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Here's how Campbell gamble paid off

April 10, 2018 18:12 IST

Campbell gamble pays off as Australia win 4x100m medley relay

Bronte Campbell

IMAGE: Georgia Bohl, Emma McKeon and Bronte Campbell of Australia celebrate victory in the women's 4 x 100m medley relay.Photograph: Dan Mullan/Getty Images

Bronte Campbell repaid the faith in her by Australia's selectors as she chased down Canada's Taylor Ruck in the final leg of the 4x100 metres medley relay to ensure the home nation won their eighth successive Commonwealth Games title on Tuesday.


Australia's coaches had chosen 100m freestyle champion Bronte over her elder sister Cate to bring their team home, with the decision likely to have been heavily dissected by local media had they not won the title.

Cate had swum a blistering split time of 51.00 in the 4x100m freestyle relay to help set the world record and with Canada's strong beginning with Kylie Masse and Kierra Smith, the sprint between Bronte and Ruck was expected to be wafer thin.

The gamble, however, paid off with Bronte and the Canadian hitting the water together after Emma McKeon had dragged Australia back into the race on the butterfly, before the 23-year-old hauled in Ruck in the final few metres.

'Terminator' Titmus back for gold in 400m freestyle

Ariarne Titmus

IMAGE: Ariarne Titmus of Australia, Holly Hibbott of England and Eleanor Faulkner of England hug.Photograph: David Gray/Reuters

Australia's Ariarne Titmus overcame some of the worst nerves she had ever experienced on her way to clinching a second individual gold medal at the Gold Coast Commonwealth Games when she eased to victory in the women's 400m freestyle on Tuesday.

The 17-year-old, nicknamed 'Terminator', backed up her 800m triumph from a day earlier with a comfortable victory over English duo Holly Hibbott and Eleanor Faulkner.

Titmus opened up an early advantage and was never really challenged as she touched in four minutes, 00.93 seconds, the sixth-fastest 400m freestyle ever recorded. Hibbott was almost five seconds further back.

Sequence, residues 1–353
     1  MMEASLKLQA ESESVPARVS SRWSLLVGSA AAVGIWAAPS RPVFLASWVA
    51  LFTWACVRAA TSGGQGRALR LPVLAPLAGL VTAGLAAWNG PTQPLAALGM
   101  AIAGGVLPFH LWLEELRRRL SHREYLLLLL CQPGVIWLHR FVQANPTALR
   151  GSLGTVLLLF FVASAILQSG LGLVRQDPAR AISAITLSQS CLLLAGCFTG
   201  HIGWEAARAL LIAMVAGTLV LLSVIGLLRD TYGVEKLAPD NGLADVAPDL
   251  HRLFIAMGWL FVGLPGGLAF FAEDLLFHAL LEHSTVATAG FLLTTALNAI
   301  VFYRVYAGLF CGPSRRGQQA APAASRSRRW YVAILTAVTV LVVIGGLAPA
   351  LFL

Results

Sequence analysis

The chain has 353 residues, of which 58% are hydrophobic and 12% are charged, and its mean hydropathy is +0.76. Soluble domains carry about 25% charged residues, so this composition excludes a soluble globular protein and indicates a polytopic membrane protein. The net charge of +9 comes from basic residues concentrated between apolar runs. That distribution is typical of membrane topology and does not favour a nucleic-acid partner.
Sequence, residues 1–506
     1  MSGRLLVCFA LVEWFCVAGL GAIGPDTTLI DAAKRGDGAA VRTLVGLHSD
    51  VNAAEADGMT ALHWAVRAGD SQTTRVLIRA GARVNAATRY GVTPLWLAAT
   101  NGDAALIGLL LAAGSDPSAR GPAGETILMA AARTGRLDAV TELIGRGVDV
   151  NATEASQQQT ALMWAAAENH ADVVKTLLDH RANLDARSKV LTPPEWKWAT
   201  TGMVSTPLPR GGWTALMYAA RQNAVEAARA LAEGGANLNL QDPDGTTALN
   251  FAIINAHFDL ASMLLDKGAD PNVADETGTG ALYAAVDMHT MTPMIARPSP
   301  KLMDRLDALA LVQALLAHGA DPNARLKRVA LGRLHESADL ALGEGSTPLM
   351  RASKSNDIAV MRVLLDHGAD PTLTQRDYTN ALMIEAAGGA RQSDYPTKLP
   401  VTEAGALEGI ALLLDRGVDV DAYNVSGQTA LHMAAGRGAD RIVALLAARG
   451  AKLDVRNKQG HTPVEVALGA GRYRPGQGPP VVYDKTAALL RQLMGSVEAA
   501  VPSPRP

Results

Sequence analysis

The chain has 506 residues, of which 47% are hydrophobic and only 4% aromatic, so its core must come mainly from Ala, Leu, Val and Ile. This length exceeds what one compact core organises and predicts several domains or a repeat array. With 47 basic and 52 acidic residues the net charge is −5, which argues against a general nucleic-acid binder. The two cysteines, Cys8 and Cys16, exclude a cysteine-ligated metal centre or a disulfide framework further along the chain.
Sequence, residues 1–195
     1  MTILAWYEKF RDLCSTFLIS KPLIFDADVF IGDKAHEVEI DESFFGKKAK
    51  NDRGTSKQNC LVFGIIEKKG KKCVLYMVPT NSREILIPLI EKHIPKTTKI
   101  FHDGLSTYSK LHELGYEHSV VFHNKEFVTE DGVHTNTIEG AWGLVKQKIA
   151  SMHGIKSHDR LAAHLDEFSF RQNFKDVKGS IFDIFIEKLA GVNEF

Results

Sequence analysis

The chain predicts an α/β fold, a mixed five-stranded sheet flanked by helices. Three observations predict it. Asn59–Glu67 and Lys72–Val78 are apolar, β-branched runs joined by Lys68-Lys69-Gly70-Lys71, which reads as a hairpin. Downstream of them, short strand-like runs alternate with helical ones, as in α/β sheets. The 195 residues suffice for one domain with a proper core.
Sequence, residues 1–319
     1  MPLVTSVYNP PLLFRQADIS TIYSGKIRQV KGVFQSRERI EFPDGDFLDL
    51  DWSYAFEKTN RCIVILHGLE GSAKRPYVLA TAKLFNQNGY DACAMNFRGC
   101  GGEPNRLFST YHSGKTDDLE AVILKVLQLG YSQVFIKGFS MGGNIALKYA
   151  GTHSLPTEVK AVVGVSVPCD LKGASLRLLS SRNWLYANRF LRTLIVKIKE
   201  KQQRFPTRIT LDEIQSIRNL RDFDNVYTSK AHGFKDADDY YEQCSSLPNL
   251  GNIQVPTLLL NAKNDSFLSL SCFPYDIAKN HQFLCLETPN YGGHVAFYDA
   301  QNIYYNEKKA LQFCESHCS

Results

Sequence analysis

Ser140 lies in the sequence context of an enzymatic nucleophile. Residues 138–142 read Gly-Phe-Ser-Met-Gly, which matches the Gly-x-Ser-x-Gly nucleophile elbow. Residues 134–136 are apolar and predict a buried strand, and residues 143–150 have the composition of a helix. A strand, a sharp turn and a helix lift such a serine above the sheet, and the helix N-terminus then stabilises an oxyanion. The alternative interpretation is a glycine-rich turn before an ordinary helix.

The time puts her within shouting distance of American Katie Ledecky's world record of 3:56.46 but racing against the clock had been one of the main factors that put her on edge before the event.

"I was so nervous for this race, I've never felt nerves like this before," she told reporters. "It wasn't because I was scared of the result, it was more that if the result didn't work, or I failed on the expectations I set myself.

"If I went in there and swam 4:02, it would have been a fail, because I went 1:54 earlier in the week (in the 200m freestyle).

"(But) translating that to the 400 metre swim, it's perfect."

Titmus, who had sought to become the first woman since fellow Australian Karen Moras in 1970 to win the 200-400-800 treble at the same Games, also won gold in the 4x200m freestyle relay and silver in the individual 200m freestyle.

Her only individual defeat came at the hands of fellow 17-year-old Taylor Ruck of Canada, arguably the swimmer of the meeting for her versatility and seven-medal performance ahead of the 4x100m medley relay later on Tuesday.

Australia's head coach Jacco Verhaeren, however, said he had been impressed with Titmus's first international competition, adding that she was only going to improve as she worked towards the 2020 Tokyo Olympics.

"There's a lot of learning with a young athlete," he said.

"The Commonwealth Games is pretty different from swimming at trials or swimming at world junior championships or world championship last year...

"This a multi-sport environment and that is very different, living in the village, eating in the village, being surrounded by other athletes. It's great that she can gain that experience and perform at a great level."

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